Posts: 822
1/30/13 1:55 P

Milk I would consider a 'food', since I use it as such (personally I'm a soymilk type) -- I drink it as a recovery drink after working out, sometimes mixed with protein powder. Add a little bit to dessert tea, or have a small amount in oatmeal or cereal. I don't drink it idly, I guess, is the difference. I don't use it as a primary beverage to slake my thirst -- I drink water or unsweetened hot or iced tea.

Maybe it can be catagorized a little?

Drinking your 'bad to to-be-limited' calories could be things like: energy drinks, soda, venti mocha frappuccinos, ice cream milkshakes, slurpees/icees, alcoholic drinks etc.

Drinking your 'good to not-so-bad' calories could be things like: fruit juice, fruit & yogurt smoothies, vegetable juices, protein shakes, mixed fruit/veg juices ('green monsters'), etc.

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1/30/13 1:40 P

"Drinking my calories" to me, as the big "no-no" is drinking UNNECESSARY calories, or well, empty calories... I guess I fall more into the zone of, "Don't eat empty calories." But with drinking, it means that when I JUST feel thirsty, I don't drink something that has calories in it. Of course, switching to maintenance, I have had to drink more caloric beverages to get in my calories (meaning more milk and OJ for me!), but I tend to have a rule... if it offers other nutrients, it becomes OK to drink. Orange juice is one of the only things that I feel OK enough to eat when I get sick, and so despite the fact that it is all sugar basically, I'll have 6-8 oz of it in the morning. But OJ also has a lot of potassium, which makes me feel okay about drinking it. I wouldn't drink something like a soda. As far as milk goes, I often will drink milk as hot cocoa that I make myself. I find that it works really well as a snack for me!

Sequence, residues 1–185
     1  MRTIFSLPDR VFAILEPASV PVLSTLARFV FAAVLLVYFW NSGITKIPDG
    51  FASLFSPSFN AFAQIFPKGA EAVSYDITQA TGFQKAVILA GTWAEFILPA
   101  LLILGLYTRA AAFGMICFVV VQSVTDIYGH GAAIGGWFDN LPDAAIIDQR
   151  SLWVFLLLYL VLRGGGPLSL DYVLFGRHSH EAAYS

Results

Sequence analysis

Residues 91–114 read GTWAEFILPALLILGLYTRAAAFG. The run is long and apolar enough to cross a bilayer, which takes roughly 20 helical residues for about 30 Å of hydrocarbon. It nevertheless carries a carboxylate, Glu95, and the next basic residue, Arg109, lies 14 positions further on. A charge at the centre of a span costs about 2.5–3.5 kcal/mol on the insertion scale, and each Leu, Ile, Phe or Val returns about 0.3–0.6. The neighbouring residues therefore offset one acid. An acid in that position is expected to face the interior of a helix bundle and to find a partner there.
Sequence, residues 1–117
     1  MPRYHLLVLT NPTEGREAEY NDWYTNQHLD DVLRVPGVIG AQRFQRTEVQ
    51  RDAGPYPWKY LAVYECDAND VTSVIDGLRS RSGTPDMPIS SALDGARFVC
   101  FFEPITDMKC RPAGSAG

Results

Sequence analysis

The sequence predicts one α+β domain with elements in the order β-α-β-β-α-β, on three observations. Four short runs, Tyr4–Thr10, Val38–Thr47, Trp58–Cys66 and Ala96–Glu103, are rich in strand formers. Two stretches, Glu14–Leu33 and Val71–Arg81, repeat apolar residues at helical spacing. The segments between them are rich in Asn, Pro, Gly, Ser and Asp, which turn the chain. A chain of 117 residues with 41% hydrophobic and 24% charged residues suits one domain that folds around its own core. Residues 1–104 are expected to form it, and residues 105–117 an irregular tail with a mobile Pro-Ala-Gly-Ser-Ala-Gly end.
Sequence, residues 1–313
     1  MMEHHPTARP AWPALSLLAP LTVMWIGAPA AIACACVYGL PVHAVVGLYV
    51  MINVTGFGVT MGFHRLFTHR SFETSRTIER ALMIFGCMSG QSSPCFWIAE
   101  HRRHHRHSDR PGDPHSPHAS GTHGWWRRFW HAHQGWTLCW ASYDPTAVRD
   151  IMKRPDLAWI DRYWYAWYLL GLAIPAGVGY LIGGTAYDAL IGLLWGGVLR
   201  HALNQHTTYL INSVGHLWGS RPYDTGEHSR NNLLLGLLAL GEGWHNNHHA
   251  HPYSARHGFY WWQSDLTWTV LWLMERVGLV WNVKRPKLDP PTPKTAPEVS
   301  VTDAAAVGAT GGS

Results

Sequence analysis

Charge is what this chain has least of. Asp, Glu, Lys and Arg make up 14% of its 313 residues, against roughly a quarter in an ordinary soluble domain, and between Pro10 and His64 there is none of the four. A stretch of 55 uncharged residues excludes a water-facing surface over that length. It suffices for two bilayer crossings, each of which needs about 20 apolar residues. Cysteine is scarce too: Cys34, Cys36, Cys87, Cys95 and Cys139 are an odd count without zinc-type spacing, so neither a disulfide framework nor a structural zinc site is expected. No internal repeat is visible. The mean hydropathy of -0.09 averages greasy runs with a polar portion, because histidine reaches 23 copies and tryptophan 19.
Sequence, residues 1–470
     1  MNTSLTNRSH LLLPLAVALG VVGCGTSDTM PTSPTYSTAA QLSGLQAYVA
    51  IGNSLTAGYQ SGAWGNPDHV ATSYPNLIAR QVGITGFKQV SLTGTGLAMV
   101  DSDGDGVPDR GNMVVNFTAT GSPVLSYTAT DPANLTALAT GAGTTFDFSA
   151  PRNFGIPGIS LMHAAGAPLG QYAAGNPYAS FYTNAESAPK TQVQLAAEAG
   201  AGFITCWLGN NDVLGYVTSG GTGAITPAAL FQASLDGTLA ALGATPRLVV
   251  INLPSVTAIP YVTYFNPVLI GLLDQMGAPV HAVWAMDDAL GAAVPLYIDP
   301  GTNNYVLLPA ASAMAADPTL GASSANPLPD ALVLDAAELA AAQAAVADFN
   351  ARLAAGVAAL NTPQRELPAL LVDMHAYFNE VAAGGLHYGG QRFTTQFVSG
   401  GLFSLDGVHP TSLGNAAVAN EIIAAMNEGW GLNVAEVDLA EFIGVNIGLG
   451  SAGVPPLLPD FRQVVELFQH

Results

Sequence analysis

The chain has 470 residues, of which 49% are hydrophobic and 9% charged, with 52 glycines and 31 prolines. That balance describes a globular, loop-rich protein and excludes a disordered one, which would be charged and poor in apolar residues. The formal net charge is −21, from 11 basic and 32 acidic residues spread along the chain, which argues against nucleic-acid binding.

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1/30/13 12:21 P

I won't sit down and just drink a glass of milk unless I'm aware it's a part of my actual meal, and not just a beverage. I'm very mindful when I'm drinking anything with calories, and count it as food.

Posts: 305
1/30/13 8:11 A

Drinking calories to me is one of my BIGGEST danger zones! My love in life is regular coca cola and I literally could drink it by the GALLON!